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Hibiya High School in Chiyoda

Culture

Ueno Park, there is the Tokyo National Museum, the country's largest museum and specializing in traditional Japanese art; the National Museum of Western Art and Ueno Zoo. Other museums include the National Museum of Emerging Science and Innovation in Odaiba; the Edo-Tokyo Museum in Sumida, across the Sumida River from the center of Tokyo; the Nezu Museum in Aoyama; and the National Diet Library, National Archives, and the National Museum of Modern Art, which are near the Imperial Palace.

Tokyo has many theaters for performing arts. These include national and private theaters for traditional forms of Japanese drama. Noteworthy are the National Noh Theatre for noh and the Kabuki-za for Kabuki.[98] Symphony orchestras and other musical organizations perform modern and traditional music. The New National Theater Tokyo in Shibuya is the national center for the performing arts, including opera, ballet, contemporary dance and drama.[99] Tokyo also hosts modern Japanese and international pop, and rock music at venues ranging in size from intimate clubs to internationally known areas such as the Nippon Budokan.

Many different National Noh Theatre for noh and the Kabuki-za for Kabuki.[98] Symphony orchestras and other musical organizations perform modern and traditional music. The New National Theater Tokyo in Shibuya is the national center for the performing arts, including opera, ballet, contemporary dance and drama.[99] Tokyo also hosts modern Japanese and international pop, and rock music at venues ranging in size from intimate clubs to internationally known areas such as the Nippon Budokan.

Many different festivals occur throughout Tokyo. Major events include the Sannō at Hie Shrine, the Sanja at Asakusa Shrine, and the biennial Kanda Festivals. The last features a parade with elaborately decorated floats and thousands of people. Annually on the last Saturday of July, an enormous fireworks display over the Sumida River attracts over a million viewers. Once cherry blossoms bloom in spring, many residents gather in Ueno Park, Inokashira Park, and the Shinjuku Gyoen National Garden for picnics under the blossoms.

Harajuku, a neighborhood in Shibuya, is known internationally for its youth style, fashion[100] and cosplay.

Cuisine in Tokyo is internationally acclaimed. In November 2007, Michelin released their first guide for fine dining in Tokyo, awarding 191 stars in total, or about twice as many as Tokyo's nearest competitor, Paris. As of 2017, 227 restaurants in Tokyo have been awarded (92 in Paris). Twelve establishments were awarded the maximum of three stars (Paris has 10), 54 received two stars, and 161 earned one star.[101]

Sports

1964 Summer Olympics, thus becoming the first Asian city to host the Summer Games. The National Stadium, also known as the Olympic Stadium, was host to a number of international sporting events. In 2016, it was to be replaced by the New National Stadium. With a number of world-class sports venues, Tokyo often hosts national and international sporting events such as basketball tournaments, women's volleyball tournaments, tennis tournaments, swim meets, marathons, rugby union and sevens rugby games, football, American football exhibition games, judo, and karate. Tokyo Metropolitan Gymnasium, in Sendagaya, Shibuya, is a large sports complex that includes swimming pools, training rooms, and a large indoor arena. According to Around the Rings, the gymnasium has played host to the October 2011 artistic gymnastics world championships, despite the International Gymnastics Federation's initial doubt in Tokyo's ability to host the championships following the March 11 tsunami.[102] Tokyo was also selected to host a number of games for the 2019 Rugby World Cup, and to host the 2020 Summer Olympics and the Paralympics on September 7, 2013.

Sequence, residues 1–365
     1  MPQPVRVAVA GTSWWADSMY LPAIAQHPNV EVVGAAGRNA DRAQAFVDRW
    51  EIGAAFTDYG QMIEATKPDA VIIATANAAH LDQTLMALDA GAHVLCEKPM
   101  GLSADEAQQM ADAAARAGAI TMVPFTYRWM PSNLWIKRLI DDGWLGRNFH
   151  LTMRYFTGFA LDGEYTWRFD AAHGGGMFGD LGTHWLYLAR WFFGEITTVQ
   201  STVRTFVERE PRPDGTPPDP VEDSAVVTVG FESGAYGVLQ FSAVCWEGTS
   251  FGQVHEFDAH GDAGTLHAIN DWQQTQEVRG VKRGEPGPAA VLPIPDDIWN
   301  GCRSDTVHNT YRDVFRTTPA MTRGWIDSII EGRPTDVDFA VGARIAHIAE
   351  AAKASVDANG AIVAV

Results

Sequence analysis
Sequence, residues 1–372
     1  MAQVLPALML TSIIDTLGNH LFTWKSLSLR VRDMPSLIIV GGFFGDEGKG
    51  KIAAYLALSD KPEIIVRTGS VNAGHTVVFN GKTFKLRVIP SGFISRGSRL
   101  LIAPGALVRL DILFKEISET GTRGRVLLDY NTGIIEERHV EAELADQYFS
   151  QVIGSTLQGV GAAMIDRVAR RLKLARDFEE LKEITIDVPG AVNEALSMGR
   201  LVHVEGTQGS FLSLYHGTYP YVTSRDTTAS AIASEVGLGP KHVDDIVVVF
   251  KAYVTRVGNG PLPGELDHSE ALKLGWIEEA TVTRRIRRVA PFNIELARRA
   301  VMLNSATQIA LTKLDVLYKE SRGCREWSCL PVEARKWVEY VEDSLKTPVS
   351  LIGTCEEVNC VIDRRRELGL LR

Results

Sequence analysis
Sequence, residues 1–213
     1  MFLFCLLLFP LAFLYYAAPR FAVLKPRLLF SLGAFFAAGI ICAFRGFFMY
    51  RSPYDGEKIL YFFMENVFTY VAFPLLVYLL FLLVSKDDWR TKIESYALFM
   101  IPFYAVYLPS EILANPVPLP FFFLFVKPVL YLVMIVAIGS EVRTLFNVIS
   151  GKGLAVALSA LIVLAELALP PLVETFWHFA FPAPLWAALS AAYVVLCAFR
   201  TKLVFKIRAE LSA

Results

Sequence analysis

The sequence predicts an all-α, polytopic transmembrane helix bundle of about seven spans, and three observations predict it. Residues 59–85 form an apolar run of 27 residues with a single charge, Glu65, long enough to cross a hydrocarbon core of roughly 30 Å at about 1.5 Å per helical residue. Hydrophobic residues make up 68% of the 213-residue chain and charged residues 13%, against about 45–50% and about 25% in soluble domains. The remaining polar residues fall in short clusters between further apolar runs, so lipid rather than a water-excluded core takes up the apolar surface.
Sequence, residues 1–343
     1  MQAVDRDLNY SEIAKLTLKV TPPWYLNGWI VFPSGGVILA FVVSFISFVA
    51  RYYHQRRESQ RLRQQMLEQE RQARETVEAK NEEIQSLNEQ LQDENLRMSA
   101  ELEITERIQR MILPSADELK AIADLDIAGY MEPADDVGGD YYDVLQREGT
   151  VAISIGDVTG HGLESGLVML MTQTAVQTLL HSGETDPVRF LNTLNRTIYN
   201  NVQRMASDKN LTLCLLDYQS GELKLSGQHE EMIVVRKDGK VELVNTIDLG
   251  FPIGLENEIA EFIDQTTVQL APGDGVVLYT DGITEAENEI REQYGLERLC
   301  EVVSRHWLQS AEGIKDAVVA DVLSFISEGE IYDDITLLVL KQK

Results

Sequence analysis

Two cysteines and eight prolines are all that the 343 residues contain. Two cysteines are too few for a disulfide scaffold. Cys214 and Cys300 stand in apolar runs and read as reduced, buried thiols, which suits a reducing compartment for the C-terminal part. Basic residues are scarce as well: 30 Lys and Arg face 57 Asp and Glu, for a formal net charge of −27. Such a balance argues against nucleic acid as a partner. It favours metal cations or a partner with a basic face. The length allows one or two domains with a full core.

As the largest population center in Japan and the site of the country's largest broadcasters and studios, Tokyo is frequently the setting for many Japanese movies, television shows, animated series (anime), web comics, light novels, video games, and comic books (manga). In the kaiju (monster movie) genre, landmarks of Tokyo are usually destroyed by giant monsters such as Godzilla and Gamera.

Some Hollywood directors have turned to Tokyo as a backdrop for movies set in Japan. Postwar examples include Tokyo Joe, My Geisha, Tokyo Story and the James Bond film You Only Live Twice; recent examples include Kill Bill, The Fast and the Furious: Tokyo Drift, Lost in Translation, Babel, Inception, The Wolverine and Avengers: Endgame.

Japanese author Haruki Murakami has based some of his novels in Tokyo (including Norwegian Wood), and David Mitchell's first two novels number9dream and Ghostwritten featured the city. Contemporary British painter Carl Randall spent 10 years living in Tokyo as an artist, creating a body of work depicting the city's crowded streets and public spaces.[103]Tokyo Joe, My Geisha, Tokyo Story and the James Bond film You Only Live Twice; recent examples include Kill Bill, The Fast and the Furious: Tokyo Drift, Lost in Translation, Babel, Inception, The Wolverine and Avengers: Endgame.

Japanese author Haruki Murakami has based some of his novels in Tokyo (including Norwegian Wood), and David Mitchell's first two novels number9dream and Ghostwritten featured the city. Contemporary British painter Carl Randall spent 10 years living in Tokyo as an artist, creating a body of work depicting the city's crowded streets and public spaces.[103][104][105][106][107]

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